Get off the big data partnership bandwagon
The Internet is a leveller, or so we imagined. Back in 2003, the World Summit on the Information Society (WSIS), in its Declaration of Principles, expressed a shared commitment to build a “people-centred, inclusive and development-oriented Information Society”. Partnerships, technology transfer and capacity building were seen as crucial for promoting global participation in the information society.
Little did we anticipate then that the Internet, a civilisational innovation with the potential to bring the world closer, would become a handmaiden of transnational capitalism. The lingua franca of the Internet today is about ‘free flow of data’, a flow on which the analytics for advertising that drive digital capitalism are predicated.
In a matter of a decade, the Internet paradigm has traversed a huge distance. From trade of physical goods (ecommerce) to that in cultural goods and cutting edge services such as cloud computing and software, the digital economy has come a long way. We have seen the power of platforms — Google, Apple, Facebook and Amazon, the GAFA foursome — unleash market control that is unprecedented. While these companies have grown their own product ecosystems through Artificial Intelligence, monopsonies (single buyers) like Amazon are now drawing upon machine learning to offer digital intelligence services to less tech-savvy enterprises to implement AI technology. Through a combination of mobile phone networks, Internet of Things and cloud technologies, a handful of digital corporations are attempting to build intelligence infrastructure that is tipped to transform society in a profoundly systemic way.
With the exception of China, developing countries in the global south have been rather tardy in preparing for, or lacking in, the infrastructural, financial, knowledge and institutional wherewithal to enter into the new era of digital intelligence. This gap — often referred to glibly as the digital divide — has direct consequences for development in the digital age, with a new dependence on foreign corporations.
The ideas of technology transfer and capacity building in international development have proven to be a decoy for dominant economic actors in development to push market liberalisation. Corporation has always been the centrepiece in the political economy of ‘technology transfer’. For instance, in climate change agreements, technology transfers have implied liberalisation of foreign investment flows, compromising traditional knowledge systems and livelihoods in developing countries.
As the tour de force of the information age, the digital corporation finds new legitimacy in the soft diplomacy of the sustainable development goals. Partnerships (read foreign capital) are seen as key to the means of implementation, and ‘data for development’ pegged as the frontier issue.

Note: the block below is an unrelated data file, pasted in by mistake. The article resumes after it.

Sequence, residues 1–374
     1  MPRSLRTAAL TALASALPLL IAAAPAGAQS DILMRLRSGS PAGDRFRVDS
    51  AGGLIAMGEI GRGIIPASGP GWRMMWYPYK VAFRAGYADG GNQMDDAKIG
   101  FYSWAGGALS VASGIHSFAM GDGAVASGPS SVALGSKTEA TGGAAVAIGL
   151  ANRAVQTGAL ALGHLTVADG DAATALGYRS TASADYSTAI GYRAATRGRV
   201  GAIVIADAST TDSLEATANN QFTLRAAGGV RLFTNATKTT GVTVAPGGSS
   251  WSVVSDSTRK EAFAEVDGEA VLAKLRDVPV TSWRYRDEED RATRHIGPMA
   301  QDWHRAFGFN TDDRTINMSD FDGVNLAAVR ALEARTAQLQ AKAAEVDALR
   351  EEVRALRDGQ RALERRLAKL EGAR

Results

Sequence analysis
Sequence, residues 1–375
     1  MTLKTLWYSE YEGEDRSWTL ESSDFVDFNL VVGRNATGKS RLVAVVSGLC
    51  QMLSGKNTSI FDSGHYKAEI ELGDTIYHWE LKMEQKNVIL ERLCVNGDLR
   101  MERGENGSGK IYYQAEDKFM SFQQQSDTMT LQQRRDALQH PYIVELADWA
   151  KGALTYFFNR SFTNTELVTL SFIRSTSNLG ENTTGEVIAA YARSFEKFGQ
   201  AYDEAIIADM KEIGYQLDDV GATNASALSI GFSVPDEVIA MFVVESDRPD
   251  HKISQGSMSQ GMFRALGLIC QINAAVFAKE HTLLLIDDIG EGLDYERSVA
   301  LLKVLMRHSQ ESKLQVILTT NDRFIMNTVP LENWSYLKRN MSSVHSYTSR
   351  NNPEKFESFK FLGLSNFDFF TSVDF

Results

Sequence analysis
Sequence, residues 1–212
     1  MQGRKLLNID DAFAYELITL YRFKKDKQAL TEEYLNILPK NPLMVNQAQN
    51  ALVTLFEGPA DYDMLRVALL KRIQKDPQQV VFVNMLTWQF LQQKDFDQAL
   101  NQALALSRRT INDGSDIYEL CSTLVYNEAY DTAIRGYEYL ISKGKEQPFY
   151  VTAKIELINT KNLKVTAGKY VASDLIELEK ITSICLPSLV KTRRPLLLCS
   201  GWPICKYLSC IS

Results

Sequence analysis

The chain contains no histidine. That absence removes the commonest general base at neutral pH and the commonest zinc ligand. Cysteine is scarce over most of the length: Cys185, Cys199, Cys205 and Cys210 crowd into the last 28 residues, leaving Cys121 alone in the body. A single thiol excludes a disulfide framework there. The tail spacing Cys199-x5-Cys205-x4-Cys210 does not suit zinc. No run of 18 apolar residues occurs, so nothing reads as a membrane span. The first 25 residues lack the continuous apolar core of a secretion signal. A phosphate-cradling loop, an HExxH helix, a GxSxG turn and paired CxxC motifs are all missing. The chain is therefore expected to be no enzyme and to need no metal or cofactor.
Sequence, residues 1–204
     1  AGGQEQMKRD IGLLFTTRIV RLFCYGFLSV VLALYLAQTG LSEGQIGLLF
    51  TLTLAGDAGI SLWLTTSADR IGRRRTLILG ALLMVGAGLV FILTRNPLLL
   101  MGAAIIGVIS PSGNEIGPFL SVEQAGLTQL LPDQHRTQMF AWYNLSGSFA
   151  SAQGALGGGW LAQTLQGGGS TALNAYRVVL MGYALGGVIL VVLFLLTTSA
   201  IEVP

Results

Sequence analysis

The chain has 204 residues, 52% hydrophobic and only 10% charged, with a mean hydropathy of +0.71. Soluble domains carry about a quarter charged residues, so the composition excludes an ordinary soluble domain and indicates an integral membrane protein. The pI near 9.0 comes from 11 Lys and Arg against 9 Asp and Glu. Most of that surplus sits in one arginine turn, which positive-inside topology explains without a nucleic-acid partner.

An a priori conception of the digital as a market good lends ‘partnerships for data’ a neo-liberal validity for blatant marketisation. Smart cities are being crafted through corporate takeover of city data; a brutal regime of extraction from the poor is evident in unregulated fin-tech; bodies of migrants, women and refugees are becoming datafied points of surveillance; private billionaire philanthropy is proposing remote controlled micro-chip implants as innovations in female contraception; public education systems are being sold cloud software as management suites to monitor school level performance; and agriculture input markets are being manipulated by corporate behemoths controlling micro-local data on seeds and soil.
With every new technology, narratives of human progress have held out a new optimism. In the digital context, there is perhaps no more reason to be pessimistic than in previous technological paradigms. However, ‘data for development’ frameworks obscure the foundational question about social value: Is the data partnership contributing to sustainable development in the sense of wellbeing of life and livelihoods? Is it delivering value for individual and collective needs and rights rather than for public or private finance alone?
Current trajectories of the network-data world foreclose the possibility of seeing data and intelligence as non-market, social goods. The misplaced nomenclature of the ‘black box’, used in the case of algorithms, perpetuates the myth of ungovernability, making digital participation for the majority inherently restrictive and exploitative.
It is noteworthy that countries like China, Singapore and Canada are busying themselves with the necessary governance frameworks and investments for creating a new public architecture for digital intelligence, while countries like India are yet to apply themselves in this regard. The promised revolution will need the future proofing of digital technology for equity and social justice. A new global compact rooted in principles for an egalitarian Internet, data justice and algorithmic accountability is in order.
Anita Gurumurthy is executive director, IT for Change
The views expressed are personal